As we lean toward the “getting done” instead of the “doing,” in this season of art-making, it is still critical to keep an eye on the quality of the encounter. There is no substitute for true engagement in the paint, the mark-making and the seeing. Any product that results from a skillful but unemotional, unconnected approach will be inferior. The quote on the wall—“The quality of the product is inextricably linked to the quality of the process” is our mantra.
Research supports this idea, indicating that being involved in an activity without extrinsic rewards (money; reputation; gold stars) leads to greater satisfaction and a better result.
Studies in creativity by Teresa Amabile at the Harvard Business School led to: “The Intrinsic Motivation Principle of Creativity. People will be most creative when they feel motivated primarily by the interest, enjoyment, satisfaction, and challenge of the work itself, and not by external pressures or inducements”. In these studies researchers asked artists to select a total of 20 paintings –10 were commissions and 10 were from the artists’ regular practice of painting without knowing the outcome. A panel of curators, knowing nothing of the nature of the research, rated each work on both creativity and technical skill. The non-commissioned works consistently rated higher on creativity regardless of the level of technical skill. A comparable experiment by the same researchers with writers and poetry had similar results.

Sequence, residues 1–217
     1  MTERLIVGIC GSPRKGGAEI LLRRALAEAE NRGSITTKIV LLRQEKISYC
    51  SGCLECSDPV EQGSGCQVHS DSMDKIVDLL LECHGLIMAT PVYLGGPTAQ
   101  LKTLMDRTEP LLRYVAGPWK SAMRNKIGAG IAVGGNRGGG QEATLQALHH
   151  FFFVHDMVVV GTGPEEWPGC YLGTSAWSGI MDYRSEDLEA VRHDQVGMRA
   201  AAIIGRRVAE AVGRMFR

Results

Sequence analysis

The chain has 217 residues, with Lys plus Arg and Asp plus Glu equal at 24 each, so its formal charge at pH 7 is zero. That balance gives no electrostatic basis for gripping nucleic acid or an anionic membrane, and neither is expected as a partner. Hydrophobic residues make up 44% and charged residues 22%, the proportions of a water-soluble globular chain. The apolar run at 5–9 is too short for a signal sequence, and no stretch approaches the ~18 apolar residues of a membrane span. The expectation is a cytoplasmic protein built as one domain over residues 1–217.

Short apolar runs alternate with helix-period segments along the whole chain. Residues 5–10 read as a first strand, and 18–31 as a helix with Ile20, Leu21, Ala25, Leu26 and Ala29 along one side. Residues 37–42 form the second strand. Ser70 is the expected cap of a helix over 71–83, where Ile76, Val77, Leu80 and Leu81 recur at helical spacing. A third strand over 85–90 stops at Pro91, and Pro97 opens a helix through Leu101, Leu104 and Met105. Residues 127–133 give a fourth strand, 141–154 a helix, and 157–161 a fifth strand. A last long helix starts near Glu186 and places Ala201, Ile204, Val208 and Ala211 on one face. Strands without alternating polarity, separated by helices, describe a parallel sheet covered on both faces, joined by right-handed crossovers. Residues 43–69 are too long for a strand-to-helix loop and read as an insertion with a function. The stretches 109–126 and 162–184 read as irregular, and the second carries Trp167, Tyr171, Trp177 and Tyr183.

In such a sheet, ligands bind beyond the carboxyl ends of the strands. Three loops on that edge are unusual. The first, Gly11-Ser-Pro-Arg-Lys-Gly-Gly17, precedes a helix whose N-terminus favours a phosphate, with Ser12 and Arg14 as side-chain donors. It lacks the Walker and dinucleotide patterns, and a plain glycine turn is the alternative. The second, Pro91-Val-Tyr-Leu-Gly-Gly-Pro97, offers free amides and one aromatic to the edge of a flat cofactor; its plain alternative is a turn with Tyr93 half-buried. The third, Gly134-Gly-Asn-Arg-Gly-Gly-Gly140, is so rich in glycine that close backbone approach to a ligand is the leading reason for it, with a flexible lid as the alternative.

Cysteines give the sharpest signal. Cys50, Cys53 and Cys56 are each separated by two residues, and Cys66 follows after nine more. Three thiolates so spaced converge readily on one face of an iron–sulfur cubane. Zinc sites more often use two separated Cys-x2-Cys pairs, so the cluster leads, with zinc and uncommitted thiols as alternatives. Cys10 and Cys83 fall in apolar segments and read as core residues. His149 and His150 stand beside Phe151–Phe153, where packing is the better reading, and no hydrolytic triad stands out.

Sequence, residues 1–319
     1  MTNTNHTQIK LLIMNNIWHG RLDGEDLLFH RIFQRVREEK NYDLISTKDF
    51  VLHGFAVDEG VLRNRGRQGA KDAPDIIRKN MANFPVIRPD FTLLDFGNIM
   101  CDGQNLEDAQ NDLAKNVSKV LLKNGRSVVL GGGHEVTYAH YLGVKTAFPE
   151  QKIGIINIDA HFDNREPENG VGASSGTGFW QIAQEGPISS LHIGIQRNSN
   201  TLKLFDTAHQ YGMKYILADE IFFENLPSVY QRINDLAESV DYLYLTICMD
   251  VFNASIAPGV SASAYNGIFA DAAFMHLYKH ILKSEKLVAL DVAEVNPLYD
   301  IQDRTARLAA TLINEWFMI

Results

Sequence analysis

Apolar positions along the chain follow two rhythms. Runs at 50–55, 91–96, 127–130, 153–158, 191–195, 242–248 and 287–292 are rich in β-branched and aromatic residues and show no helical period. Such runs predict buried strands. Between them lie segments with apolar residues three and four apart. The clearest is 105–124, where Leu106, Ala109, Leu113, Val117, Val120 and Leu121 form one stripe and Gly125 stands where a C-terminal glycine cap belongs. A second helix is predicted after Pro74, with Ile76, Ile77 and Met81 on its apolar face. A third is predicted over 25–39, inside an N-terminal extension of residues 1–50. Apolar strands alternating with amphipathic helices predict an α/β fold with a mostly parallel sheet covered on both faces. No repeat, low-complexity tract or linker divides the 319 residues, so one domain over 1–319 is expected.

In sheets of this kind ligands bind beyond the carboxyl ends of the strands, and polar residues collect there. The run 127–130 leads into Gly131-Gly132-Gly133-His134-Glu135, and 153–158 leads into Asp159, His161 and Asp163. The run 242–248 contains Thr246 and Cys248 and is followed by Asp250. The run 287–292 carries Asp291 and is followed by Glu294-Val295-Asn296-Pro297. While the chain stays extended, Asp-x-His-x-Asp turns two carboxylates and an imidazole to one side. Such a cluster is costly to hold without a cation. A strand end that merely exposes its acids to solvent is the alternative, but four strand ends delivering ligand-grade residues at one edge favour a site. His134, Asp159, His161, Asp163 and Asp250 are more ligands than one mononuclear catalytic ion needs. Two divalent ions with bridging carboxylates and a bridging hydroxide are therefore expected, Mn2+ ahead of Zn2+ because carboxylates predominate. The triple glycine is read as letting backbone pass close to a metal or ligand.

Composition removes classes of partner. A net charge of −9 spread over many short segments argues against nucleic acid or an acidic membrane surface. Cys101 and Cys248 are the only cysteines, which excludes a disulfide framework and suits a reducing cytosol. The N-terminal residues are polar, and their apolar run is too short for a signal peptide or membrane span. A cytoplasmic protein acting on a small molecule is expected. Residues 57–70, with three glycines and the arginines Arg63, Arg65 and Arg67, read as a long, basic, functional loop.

Likewise, the joy of doing leads to greater quality of life in general. Recent studies on the subject of happiness advise buying ‘experience’ rather than things. According to Elizabeth W. Dunn, an associate professor of psychology at the University of British Columbia, it is true engagement in activities that leads to long-term happiness.
So let’s concentrate on the quality of our engagement along with our scrutiny. In this time of Valentine’s, while we analyze and critique, let’s also fall in love with the color and the charcoal. Let’s dance with the brush, (but don’t lead all of the time). Let’s foster the intrinsic value of the painting process despite the need to think about mats and frames, etc. Let’s focus and bring the marks “from that place where conviction lies.”
Formulas for this seem to be in short supply. It doesn’t come from reaching too hard or analyzing too much or trying to get it right. You have to prepare and then let go. You know it when you’re in it. Things happen on the page that are unexpected and you are aware enough to notice their value. You can’t hear the mindless chatter. Time flies. As Meryl Streep said in her recent “60 Minutes” interview: “When you’re doing it right there is a thrilling suspension of the day to day.”
As we continue to prepare for our open studio, don’t forget to “open you”. Take risks. Do what it takes to engage fully and wholeheartedly. Get something inside to stir. Keep the wonder alive. Maintain a spirit of discovery. And most importantly, avoid the urge to look at your creative endeavor as something else to check off your list.